Why You Can't Life-Hack Your Way to Losing Weight
Why do so many of us fall for the quick-fixes and dieting fads to lose weight, which only leave us disappointed and a little poorer?
Natalie has been writing professionally for about 6 years. After graduating from Ithaca College with a degree in Feature Writing, she snagged a job at PCMag.com where she had the opportunity to review all the latest consumer gadgets. Since then she has become a writer for hire, freelancing for various websites. In her spare time, you may find her riding her motorcycle, reading YA novels, hiking, or playing video games. Follow her on Twitter: @nat_schumaker
Everyone wants to lose weight without giving up the foods they love or exercising. Heck, I want to lose weight without putting in the effort everyday, but I know my body isn’t magical. So, why do so many of us fall for the quick-fixes Dr. Oz feeds us or click on the baiting YouTube videos with titles “How to lose weight FAST”?
Don’t confuse efficiency for not having to do the work.
We live in an age of life-hacking. We want to get more done in less time, get to our destination faster, and become our best selves sooner. The problem is, when it comes to losing weight, there’s a big difference between doing something more efficiently and not putting in the work. When we watch someone we see as a dieting expert make claims that we can make our journey to getting fit more efficient by trying to replace work with no work, that isn’t a method you should believe in. I mean, you wouldn’t accept a solution suggesting that you can get to work faster by not starting up your car, right? There needs to be some effort involved.
We’re put-off by the awful truth.
When it comes down to it, losing weight is a constant effort. "Diet" actually comes from the Latin, diaeta, meaning "way of life." We often approach diets with the thought that once we lose weight, we can go back to doing what we did before. The truth is dieting is about making a lifestyle change—it’s about finding a healthy regimen and sticking with it. It’s why so many people opt for the quick-fix. They aren’t ready to take that leap and make such a huge change.
Confusion about how weight loss works.
"Any diet that's promoting more than a one- or two-pound weight loss a week, most of that's going to be fluid," Martha McKittrick, RD, a dietician at the New York Hospital and Weill Cornell Medical Center, told WebMD. "It's almost impossible, unless you weigh like 500 pounds, to lose more than one or two pounds a week of fat."
If you want more reasons why dieting shortcuts don't work, as well as a guaranteed way to lose weight, I would suggest watching this video from the PictureFit YouTube channel:
Swiss researchers identify new dangers of modern cocaine.
- Cocaine cut with anti-worming adulterant levamisole may cause brain damage.
- Levamisole can thin out the prefrontal cortex and affect cognitive skills.
- Government health programs should encourage testing of cocaine for purity.
Civil discourse has fallen to an all time low.
The question that the American populace needs to ask itself now is: how do we fix it?
Discursive fundamentals need to be taught to preserve free expression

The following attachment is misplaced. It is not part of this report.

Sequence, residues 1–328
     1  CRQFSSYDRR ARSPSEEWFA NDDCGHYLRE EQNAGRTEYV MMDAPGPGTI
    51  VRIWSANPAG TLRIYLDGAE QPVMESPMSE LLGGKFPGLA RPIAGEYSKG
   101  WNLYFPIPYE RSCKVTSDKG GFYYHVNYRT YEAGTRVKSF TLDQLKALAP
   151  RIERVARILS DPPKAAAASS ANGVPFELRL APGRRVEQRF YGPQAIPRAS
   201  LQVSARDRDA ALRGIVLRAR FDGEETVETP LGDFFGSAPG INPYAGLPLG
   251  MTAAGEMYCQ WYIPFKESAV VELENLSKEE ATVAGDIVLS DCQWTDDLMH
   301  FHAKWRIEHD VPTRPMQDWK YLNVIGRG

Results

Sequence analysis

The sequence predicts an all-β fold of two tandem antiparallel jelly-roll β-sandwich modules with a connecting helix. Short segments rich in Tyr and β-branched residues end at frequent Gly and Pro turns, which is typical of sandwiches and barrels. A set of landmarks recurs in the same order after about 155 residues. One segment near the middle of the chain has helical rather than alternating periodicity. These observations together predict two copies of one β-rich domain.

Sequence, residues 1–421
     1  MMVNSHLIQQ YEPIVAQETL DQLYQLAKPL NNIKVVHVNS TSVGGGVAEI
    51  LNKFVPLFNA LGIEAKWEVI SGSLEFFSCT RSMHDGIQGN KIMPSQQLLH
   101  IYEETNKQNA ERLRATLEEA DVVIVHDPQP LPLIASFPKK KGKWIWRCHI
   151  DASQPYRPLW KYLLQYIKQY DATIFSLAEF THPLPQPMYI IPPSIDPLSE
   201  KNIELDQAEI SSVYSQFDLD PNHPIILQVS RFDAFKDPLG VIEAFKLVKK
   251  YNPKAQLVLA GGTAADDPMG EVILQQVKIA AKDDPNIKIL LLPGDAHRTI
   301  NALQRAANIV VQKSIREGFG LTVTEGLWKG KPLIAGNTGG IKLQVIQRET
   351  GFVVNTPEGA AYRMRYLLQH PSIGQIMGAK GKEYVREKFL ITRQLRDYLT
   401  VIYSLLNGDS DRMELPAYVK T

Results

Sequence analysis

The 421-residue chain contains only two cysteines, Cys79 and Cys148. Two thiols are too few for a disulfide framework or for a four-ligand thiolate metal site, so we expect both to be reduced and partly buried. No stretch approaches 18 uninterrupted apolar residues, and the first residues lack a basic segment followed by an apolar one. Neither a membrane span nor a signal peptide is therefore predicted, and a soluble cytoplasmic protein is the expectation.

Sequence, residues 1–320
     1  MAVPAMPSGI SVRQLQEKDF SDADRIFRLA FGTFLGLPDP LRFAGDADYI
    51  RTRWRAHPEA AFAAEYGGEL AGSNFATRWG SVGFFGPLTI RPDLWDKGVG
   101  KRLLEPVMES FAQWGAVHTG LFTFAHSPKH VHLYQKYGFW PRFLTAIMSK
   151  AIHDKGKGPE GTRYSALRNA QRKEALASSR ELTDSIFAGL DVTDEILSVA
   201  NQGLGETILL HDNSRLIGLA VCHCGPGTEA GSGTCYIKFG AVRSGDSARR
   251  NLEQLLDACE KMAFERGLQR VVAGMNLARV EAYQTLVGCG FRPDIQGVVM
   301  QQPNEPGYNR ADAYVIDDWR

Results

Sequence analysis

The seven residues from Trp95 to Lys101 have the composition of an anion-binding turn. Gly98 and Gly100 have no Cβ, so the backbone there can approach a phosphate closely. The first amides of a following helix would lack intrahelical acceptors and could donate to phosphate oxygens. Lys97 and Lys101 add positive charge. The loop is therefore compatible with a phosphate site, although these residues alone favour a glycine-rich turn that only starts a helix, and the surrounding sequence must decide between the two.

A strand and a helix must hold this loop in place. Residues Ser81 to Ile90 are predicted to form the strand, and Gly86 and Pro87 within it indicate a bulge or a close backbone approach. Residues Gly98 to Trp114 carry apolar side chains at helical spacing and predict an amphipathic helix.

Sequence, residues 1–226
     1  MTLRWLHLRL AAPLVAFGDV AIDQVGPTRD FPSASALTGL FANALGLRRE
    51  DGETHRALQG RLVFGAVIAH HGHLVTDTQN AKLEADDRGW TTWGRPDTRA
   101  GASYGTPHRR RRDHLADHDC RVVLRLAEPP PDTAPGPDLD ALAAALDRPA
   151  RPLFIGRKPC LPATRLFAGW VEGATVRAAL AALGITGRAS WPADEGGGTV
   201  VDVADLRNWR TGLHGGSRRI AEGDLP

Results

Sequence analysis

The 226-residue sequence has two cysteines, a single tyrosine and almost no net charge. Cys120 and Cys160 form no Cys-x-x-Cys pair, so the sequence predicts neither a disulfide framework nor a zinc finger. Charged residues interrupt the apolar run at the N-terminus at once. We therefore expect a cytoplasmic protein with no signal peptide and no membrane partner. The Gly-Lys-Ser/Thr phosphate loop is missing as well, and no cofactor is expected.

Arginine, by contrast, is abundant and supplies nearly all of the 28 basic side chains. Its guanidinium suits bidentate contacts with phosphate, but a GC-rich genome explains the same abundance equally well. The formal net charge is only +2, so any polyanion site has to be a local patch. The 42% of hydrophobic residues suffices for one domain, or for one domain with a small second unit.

In their findings the authors state:
upholding First Amendment ideals.
Talking politics at Thanksgiving dinner
- Progressive Activists: younger, highly engaged, secular, cosmopolitan, angry.
- Traditional Liberals: older, retired, open to compromise, rational, cautious.
- Passive Liberals: unhappy, insecure, distrustful, disillusioned.
- Politically Disengaged: young, low income, distrustful, detached, patriotic, conspiratorial
- Moderates: engaged, civic-minded, middle-of-the-road, pessimistic, Protestant.
- Traditional Conservatives: religious, middle class, patriotic, moralistic.
- Devoted Conservatives: white, retired, highly engaged, uncompromising,
It's interesting to note the authors found that:
"Tribe membership shows strong reliability in predicting views across different political topics."
Here are some statistics on differing viewpoints according to political party:
- 51% of staunch liberals say it's "morally acceptable" to punch Nazis.
- 53% of Republicans favor stripping U.S. citizenship from people who burn the American flag.
- 65% of Republicans say NFL players should be fired if they refuse to stand for the anthem.
- 58% of Democrats say employers should punish employees for offensive Facebook posts.
- 47% of Republicans favor bans on building new mosques.
Here are some guidelines for civic discourse that might come in handy:
- Practice inclusion and listen to who you're speaking to.
Civic discourse in the divisive age
dangerously tribal, fueled by a culture of outrage and taking offense. For the combatants,
the other side can no longer be tolerated, and no price is too high to defeat them.
These tensions are poisoning personal relationships, consuming our politics and
putting our democracy in peril.
Once a country has become tribalized, debates about contested issues from
immigration and trade to economic management, climate change and national security,
become shaped by larger tribal identities. Policy debate gives way to tribal conflicts.
Polarization and tribalism are self-reinforcing and will likely continue to accelerate.
The work of rebuilding our fragmented society needs to start now. It extends from
re-connecting people across the lines of division in local communities all the way to
building a renewed sense of national identity: a bigger story of us."
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